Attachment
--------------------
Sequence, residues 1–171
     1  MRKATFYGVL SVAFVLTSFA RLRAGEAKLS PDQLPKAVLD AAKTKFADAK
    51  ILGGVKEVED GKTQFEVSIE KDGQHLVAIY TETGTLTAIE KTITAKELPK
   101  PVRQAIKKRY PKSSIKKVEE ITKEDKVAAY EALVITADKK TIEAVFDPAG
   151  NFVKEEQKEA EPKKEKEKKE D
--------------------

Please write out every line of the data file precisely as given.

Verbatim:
Sequence, residues 1–171
     1  MRKATFYGVL SVAFVLTSFA RLRAGEAKLS PDQLPKAVLD AAKTKFADAK
    51  ILGGVKEVED GKTQFEVSIE KDGQHLVAIY TETGTLTAIE KTITAKELPK
   101  PVRQAIKKRY PKSSIKKVEE ITKEDKVAAY EALVITADKK TIEAVFDPAG
   151  NFVKEEQKEA EPKKEKEKKE D